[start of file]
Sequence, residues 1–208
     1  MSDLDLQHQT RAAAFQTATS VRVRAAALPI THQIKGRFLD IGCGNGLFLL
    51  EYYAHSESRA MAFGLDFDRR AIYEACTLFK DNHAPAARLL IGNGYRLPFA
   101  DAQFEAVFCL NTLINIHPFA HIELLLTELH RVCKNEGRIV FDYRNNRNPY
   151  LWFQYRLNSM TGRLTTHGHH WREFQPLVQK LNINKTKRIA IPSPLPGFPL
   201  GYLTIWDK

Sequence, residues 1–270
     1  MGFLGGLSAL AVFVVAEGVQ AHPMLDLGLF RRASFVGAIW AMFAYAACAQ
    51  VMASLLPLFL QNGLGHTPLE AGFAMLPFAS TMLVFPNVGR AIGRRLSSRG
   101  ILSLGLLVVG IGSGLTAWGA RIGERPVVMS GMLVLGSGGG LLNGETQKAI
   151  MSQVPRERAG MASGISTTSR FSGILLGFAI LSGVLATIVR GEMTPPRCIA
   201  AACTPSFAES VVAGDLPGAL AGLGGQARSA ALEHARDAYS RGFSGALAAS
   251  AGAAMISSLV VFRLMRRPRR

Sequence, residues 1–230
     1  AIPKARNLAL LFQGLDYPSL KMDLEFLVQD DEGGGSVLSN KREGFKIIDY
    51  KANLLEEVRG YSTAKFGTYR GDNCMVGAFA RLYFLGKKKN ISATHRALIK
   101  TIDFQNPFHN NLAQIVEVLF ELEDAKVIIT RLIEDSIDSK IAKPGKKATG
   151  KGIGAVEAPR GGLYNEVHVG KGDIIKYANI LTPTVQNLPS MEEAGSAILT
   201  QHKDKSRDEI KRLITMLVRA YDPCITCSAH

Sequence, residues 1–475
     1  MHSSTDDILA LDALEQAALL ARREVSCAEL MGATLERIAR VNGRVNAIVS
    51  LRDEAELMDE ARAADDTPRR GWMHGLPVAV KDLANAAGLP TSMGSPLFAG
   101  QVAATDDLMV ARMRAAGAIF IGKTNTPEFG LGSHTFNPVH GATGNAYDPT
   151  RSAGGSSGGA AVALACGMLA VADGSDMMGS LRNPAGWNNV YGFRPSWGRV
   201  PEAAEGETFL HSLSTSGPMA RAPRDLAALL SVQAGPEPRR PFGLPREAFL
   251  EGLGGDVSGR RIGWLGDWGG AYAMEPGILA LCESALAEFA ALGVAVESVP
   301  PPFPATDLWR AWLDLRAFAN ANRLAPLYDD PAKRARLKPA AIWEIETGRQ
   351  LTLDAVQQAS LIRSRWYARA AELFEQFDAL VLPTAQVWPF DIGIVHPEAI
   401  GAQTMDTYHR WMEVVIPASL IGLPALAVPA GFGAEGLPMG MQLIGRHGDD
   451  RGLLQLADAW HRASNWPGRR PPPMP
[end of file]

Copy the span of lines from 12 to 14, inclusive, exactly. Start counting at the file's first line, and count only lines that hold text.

   201  AACTPSFAES VVAGDLPGAL AGLGGQARSA ALEHARDAYS RGFSGALAAS
   251  AGAAMISSLV VFRLMRRPRR

Sequence, residues 1–230